Member Since: January 12, 2008

Country: United States


Programming Languages

C, Java, XSLT, assembler


Vacuum tubes, neon, microcontrollers, electronics


Neon, reading, building, making


http://www.vitriol.com/ http://bodger.dreamwidth.org/

  • I’m guessing the antenna comments should go with the RFID reader description, not the tags (I would be surprised but oddly pleased to find a u.FL connector on an RFID tag).

  • Off the top of my head, here are a few advantages to bench supplies over wall warts. They’re better protected, so if you overload them, inadvertently connect them to some other voltage, etc., they’ll usually survive intact: wall warts can be destroyed or blow internal fuses that are annoying to replace. They’re well regulated, whereas wall warts can provide anything from DC to DC that varies with the load (I’ve seen double and triple the rated voltage at light load), half-wave rectified DC (basically pure ripple), or even AC. The grounding on bench power supplies is generally well-defined and explicit: the best ones are floating, so you can tie either the positive or negative output to ground, and “stack” supplies to add voltages or provide intermediate voltages. Similarly, many offer “tracking”, so you can adjust multiple outputs in synchrony (useful if you happen to need equal positive and negative voltages). Here’s a picture of a project that’s getting a lot of use out of a triple-output power supply for circuitry that runs on several different voltages (the little boards hanging from wires in mid-air are additional regulators for yet more voltages).

  • Sources of fog are nice for cosplay, too. Some cosplayers would like to produce huge clouds of billowing fog from a tiny device, and the popularity of vaping and ingenuity of the Chinese have made the hardware much more varied, affordable, and accessible. I have no interest in vaping, but much interest in miniature fog machines and power engineering. At the end of the article, where it refers to DC-DC boost supplies, I immediately thought “point of load buck (not boost) supplies would be the way to go for this sort of low voltage, high current duty.”

  • Have you seen the “flip pin” headers that work better with breadboards than the ordinary square pin ones?

  • In this case, all the mode lamps were run from the same AC supply as the backlights, just switched by another deck on the mode switch. The only ones that are switched electronically are a pair of bulbs that show stereo reception. They seem to be run in series from a 13VDC supply via a resistor, and are switched by an ordinary BJT. I’m guessing Byron replaced them too.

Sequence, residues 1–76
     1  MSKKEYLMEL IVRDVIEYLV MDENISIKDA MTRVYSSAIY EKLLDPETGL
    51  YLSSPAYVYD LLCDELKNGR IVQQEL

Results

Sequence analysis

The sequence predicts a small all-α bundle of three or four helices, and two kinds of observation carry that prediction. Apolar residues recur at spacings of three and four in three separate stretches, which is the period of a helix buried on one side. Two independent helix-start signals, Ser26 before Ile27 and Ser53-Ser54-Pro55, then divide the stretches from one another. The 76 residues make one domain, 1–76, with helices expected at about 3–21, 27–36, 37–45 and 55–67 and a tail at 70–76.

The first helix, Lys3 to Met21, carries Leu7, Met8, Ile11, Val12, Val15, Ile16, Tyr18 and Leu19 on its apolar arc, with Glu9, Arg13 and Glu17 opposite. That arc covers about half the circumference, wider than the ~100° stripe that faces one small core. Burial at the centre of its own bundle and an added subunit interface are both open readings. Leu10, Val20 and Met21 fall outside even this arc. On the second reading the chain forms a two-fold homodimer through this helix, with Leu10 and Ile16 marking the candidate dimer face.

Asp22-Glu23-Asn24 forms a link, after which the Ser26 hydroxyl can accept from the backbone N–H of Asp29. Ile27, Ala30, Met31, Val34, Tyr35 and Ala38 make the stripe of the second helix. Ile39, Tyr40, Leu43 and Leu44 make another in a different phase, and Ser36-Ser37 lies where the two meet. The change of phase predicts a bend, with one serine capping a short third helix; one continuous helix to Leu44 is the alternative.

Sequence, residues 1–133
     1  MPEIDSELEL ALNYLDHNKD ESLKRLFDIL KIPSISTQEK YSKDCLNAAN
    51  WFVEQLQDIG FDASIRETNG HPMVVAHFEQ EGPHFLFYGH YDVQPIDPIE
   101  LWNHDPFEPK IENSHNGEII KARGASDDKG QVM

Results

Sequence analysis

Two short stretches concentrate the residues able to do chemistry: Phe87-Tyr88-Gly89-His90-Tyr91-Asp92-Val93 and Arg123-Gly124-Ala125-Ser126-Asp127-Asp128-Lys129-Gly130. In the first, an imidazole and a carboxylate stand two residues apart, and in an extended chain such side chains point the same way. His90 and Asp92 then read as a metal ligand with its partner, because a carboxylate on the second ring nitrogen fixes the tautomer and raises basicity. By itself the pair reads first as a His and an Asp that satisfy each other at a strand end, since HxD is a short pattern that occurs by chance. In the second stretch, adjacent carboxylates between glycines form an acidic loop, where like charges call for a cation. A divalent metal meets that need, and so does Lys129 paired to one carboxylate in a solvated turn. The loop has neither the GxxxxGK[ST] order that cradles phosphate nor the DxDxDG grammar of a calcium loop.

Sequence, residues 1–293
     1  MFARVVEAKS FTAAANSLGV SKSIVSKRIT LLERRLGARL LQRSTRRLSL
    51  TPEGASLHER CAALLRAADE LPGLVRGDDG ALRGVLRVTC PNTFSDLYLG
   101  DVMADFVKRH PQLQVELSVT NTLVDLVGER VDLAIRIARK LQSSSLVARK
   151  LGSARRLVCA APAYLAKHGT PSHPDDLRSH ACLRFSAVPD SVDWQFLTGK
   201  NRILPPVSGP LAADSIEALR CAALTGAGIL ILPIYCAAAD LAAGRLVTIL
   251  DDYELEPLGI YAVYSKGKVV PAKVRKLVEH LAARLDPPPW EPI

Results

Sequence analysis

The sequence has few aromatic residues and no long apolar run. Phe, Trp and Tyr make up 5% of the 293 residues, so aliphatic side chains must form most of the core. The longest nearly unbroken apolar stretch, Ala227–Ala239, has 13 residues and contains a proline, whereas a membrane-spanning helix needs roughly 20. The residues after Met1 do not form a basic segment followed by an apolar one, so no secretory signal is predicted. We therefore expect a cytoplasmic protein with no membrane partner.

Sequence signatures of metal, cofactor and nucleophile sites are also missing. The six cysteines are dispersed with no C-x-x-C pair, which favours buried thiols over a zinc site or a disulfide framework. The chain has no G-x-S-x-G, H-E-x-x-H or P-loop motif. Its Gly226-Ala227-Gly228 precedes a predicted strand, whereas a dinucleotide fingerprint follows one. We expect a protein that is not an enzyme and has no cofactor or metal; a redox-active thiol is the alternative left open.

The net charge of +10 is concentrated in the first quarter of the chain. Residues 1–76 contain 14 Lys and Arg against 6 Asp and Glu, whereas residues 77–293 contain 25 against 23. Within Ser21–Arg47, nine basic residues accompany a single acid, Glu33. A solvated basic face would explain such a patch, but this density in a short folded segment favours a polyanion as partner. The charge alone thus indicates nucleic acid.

• All my life, I’ve been at loggerheads with time. I love seeing someone smart and creative attacking my issues with time head-on!

  • I’ve been at this for a very long time, and it’s still fun for me. I still burn components from time to time, and I’m still surprised on a regular basis. I enjoy all of it, and try to learn from each mistake and surprise.

  • I had a heating pad once that I was using as a warmer for a sick pet. The automatic 2-hour shutoff wasn’t a feature I wanted, so I opened the controller, and found well-marked pads for choosing 2 or 10 hour shutoff and to disable it entirely. I documented it on my website, and I’ve actually gotten a couple of emails thanking me for doing so, as other people doing similar things could use the information.

  • Yeah, a half watt is plenty at a reasonable current, but many manufacturers run the neon bulb at way too much current to get more brightness. In those circumstances, the resistor usually burns before the neon bulb dies.

  • “Delete” was also known as “rub out”. It was useful when there was a typo on punched paper tape. Since it was all holes punched (all 1s in binary), punching it on top of any character would replace it with “delete”. It was easy enough to make paper tape readers just ignore any such instances, avoiding the need to repunch a whole tape if one character was mistyped.